Killer litter

A litterbug who is ordered to perform Corrective Work Order (CWO).

SINGAPORE - Closed-circuit television (CCTV) footage helped the authorities nab 95 high-rise litterbugs last year, up from the average of five a year before cameras were used.

At least three MPs proposed using technology to nip the littering problem on our roads and at home.

Mr Lim Biow Chuan (Mountbatten)

Will the National Environment Agency (NEA) be relying on CCTVs installed on lamp posts in private estates to take enforcement action against litterbugs?

Second Minister for Environment and Water Resources Grace Fu:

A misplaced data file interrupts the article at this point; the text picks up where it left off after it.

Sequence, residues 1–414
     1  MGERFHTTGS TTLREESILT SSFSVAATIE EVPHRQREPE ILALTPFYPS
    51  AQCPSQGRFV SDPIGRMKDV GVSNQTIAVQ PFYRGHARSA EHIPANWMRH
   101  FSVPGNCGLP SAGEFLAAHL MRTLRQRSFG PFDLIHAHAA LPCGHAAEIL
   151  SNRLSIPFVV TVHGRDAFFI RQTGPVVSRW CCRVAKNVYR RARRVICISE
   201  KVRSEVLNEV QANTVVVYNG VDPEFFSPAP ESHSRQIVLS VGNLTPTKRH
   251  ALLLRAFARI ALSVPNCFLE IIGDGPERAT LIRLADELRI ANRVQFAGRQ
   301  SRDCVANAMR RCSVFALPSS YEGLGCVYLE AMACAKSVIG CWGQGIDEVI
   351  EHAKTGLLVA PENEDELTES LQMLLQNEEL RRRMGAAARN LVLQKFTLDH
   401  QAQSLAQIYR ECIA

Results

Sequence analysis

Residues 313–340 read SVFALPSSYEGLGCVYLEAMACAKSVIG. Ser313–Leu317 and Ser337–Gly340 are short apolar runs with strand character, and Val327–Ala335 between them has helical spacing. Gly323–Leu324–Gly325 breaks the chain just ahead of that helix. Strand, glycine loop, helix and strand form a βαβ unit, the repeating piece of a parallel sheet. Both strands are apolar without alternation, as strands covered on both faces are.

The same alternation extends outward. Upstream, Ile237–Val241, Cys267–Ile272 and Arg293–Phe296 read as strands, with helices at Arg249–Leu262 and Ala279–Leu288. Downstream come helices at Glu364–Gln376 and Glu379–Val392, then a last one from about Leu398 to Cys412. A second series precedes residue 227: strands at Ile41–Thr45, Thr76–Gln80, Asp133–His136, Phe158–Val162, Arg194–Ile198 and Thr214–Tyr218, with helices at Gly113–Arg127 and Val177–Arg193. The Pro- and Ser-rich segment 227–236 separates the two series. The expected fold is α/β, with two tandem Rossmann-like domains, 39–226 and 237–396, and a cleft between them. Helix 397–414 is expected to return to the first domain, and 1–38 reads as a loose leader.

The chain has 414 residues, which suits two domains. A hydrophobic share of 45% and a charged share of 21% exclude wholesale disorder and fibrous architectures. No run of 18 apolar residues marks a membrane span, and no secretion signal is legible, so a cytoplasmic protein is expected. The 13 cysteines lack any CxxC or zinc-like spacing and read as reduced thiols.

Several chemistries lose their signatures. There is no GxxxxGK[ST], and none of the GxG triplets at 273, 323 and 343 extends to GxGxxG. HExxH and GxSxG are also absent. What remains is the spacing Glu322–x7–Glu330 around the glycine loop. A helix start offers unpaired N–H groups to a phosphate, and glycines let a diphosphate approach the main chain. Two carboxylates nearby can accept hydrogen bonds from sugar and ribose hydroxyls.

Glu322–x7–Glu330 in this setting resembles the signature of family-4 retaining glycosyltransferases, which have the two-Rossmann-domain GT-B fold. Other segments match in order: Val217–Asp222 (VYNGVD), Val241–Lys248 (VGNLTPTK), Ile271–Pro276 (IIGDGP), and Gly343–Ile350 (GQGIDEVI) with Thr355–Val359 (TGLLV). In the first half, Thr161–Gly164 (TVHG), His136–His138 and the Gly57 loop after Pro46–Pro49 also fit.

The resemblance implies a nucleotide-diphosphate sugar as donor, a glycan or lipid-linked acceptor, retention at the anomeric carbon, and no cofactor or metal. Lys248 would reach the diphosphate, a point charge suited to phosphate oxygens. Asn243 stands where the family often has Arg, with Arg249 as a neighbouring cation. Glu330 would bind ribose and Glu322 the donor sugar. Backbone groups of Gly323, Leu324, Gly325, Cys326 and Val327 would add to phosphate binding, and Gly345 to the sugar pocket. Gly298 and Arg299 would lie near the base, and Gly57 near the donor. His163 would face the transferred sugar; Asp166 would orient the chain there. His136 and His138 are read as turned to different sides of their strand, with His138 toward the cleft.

We're in the pilot process of using CCTV (from) other agencies... such as Land Transport Authority and Singapore Police (Force) for enforcement and monitoring purposes.... Having the CCTV is one thing.

We need to also have the analytics to pick up the action we'd like to enforce because it's not possible for someone to be (constantly) watching all the CCTV footage that's available.

Mr Heng Chee How (Whampoa)

NEA can also tap into videos fitted by in-car cameras to act against littering (from) moving vehicles... make use of the public spiritedness as well.

Ms Tin Pei Ling (Marine Parade GRC)

Apart from fines, will the ministry consider releasing the names of highrise litterbugs so that public pressure can be exerted on them?

Ms Fu: We will treat all offenders in an even-handed way... some of these charges are made public and if it goes to court, then it could be reported publicly.

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